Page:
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How School Administrators Reduce Workers’ Comp Costs


How School Administrators Reduce Workers’ Comp Costs

How much would you save if you could reduce slips and falls by up to 80%? Depending on the size of your school, it could be anywhere from tens of thousands to millions of dollars.
Take, for instance: UCLA and UC-Irvine

After experiencing a combined 700 slip and fall-related injuries yearly, resulting in direct workers' compensation costs of $7 million per year, they knew something needed to change. 

By reducing their slip and falls, forecasts say they will save between $1.5 and $2 million in direct costs annually.
Here's how that can happen for your school, too. 

Slip and Fall Injuries Are Expensive and Common 

Next to traffic accidents, falls injure more people than any other type of accident. In fact, the Centers for Disease Control and Prevention (CDC) reports that 1,176,340 non-fatal work injuries resulted in days away from work — and that 18% of them were related to slips, trips, and falls. 
For schools specifically, "slips and falls" are the second most common accident after "being injured by a student or co-worker." According to one law firm, more than half (55%) of all major school accidents are due to slips, falls, and trips. 

Moreover, slip and falls are the third most expensive injury cause after motor vehicle accidents and cumulative injuries. 

How to Reduce Slip and Fall Injuries  

Your school could reduce slip and fall injuries by implementing the following to your daily routine:
1.    Teachers — Read and follow the instructions of any Caution Sign when one is placed in the school. Wear slip-resistant shoes if possible to passively safeguard yourself from slips, especially when severe weather impacts your area.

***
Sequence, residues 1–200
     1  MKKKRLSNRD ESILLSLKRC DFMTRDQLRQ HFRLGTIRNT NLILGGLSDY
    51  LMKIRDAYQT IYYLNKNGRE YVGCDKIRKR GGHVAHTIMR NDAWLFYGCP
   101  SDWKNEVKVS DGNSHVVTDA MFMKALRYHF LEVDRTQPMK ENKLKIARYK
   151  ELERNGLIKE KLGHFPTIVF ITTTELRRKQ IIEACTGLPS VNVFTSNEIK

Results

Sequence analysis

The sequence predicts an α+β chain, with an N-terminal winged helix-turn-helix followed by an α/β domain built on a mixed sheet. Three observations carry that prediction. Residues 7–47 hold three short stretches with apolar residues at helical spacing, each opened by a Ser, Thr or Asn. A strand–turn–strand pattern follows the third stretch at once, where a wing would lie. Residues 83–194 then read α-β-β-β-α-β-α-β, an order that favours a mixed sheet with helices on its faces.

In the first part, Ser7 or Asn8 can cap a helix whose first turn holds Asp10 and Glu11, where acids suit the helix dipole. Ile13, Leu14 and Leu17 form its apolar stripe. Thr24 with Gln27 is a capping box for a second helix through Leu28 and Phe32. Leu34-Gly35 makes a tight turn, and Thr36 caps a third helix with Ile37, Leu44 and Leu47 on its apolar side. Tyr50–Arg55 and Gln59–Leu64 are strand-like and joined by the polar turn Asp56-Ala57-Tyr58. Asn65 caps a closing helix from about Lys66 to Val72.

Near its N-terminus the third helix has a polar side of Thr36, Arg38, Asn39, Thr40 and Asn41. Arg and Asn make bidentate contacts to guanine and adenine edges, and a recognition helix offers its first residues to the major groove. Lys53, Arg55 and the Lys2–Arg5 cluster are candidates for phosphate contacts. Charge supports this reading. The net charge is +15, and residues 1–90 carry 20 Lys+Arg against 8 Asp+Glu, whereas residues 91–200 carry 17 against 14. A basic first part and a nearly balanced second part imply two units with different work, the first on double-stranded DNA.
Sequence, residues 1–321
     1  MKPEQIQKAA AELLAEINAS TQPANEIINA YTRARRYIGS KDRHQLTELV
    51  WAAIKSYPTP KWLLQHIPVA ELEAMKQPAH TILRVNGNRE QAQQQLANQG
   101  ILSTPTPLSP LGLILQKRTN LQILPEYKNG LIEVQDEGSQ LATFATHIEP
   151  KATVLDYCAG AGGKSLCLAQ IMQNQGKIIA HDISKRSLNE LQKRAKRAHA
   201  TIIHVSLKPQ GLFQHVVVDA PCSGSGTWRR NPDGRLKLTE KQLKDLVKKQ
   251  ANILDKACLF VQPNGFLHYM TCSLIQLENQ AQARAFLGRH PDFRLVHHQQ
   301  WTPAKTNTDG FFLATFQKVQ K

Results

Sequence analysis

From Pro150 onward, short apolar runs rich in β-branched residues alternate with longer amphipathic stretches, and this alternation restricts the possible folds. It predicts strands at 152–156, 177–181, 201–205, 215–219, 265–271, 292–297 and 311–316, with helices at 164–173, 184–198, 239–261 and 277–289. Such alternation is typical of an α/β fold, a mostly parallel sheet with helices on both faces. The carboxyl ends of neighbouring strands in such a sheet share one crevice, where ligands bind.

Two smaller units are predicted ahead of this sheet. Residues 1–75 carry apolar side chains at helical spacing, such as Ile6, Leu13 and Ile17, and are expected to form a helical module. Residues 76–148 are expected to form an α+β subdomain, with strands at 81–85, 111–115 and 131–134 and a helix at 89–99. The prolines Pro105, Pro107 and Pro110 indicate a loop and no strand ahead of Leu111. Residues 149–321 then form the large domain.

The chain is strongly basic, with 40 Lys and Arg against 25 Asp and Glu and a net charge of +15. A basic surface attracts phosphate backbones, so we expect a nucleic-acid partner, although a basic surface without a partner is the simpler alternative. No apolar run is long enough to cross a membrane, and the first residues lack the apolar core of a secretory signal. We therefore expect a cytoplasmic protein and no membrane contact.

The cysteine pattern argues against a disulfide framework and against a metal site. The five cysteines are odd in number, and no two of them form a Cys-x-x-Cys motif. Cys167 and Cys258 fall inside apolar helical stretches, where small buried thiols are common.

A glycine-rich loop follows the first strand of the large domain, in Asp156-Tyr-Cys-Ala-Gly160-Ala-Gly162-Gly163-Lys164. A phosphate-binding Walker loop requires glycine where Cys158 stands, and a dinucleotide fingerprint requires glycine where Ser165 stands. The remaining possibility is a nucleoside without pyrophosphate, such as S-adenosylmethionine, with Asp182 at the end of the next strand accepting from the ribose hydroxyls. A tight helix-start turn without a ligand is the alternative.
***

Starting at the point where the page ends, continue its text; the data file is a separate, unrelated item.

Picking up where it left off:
2.    Food Service Personnel — Always wearing slip-resistant footwear in the kitchen area is a MUST. Keep floors clean and dry, addressing any spills as soon as they happen (with proper usage of both clean-up and caution signs until the floor is dry). Use floor mats when necessary. 
3.    Custodians — Always use caution signs when cleaning floors. Make regular repairs to slip & fall hazards like handrails, damaged stairs, and cracked walking surfaces. Wear appropriate footwear. 
4.    Maintenance — Regularly review and request repairs on damaged or cracked walking surfaces outside the school regularly (i.e., sidewalk, parking lots, etc.). Follow the guidelines provided by Occupational Safety and Health Administration (OSHA) for fall protection. Always wear non-slip shoes to avoid slipping and falling, especially during inclement weather that would make walking surfaces unsafe.  

How to Boost Safety Program Adoption

While encouraging employees to wear slip-resistant shoes helps, participation is low when there is no cost-sharing on the purchase of said footwear.

On average, just encouraging employees to buy shoes by themselves on their own with cash or a credit card has a participation rate below 20%...and 20% participation by your entire workforce only reduces slips and falls by an average of 16%.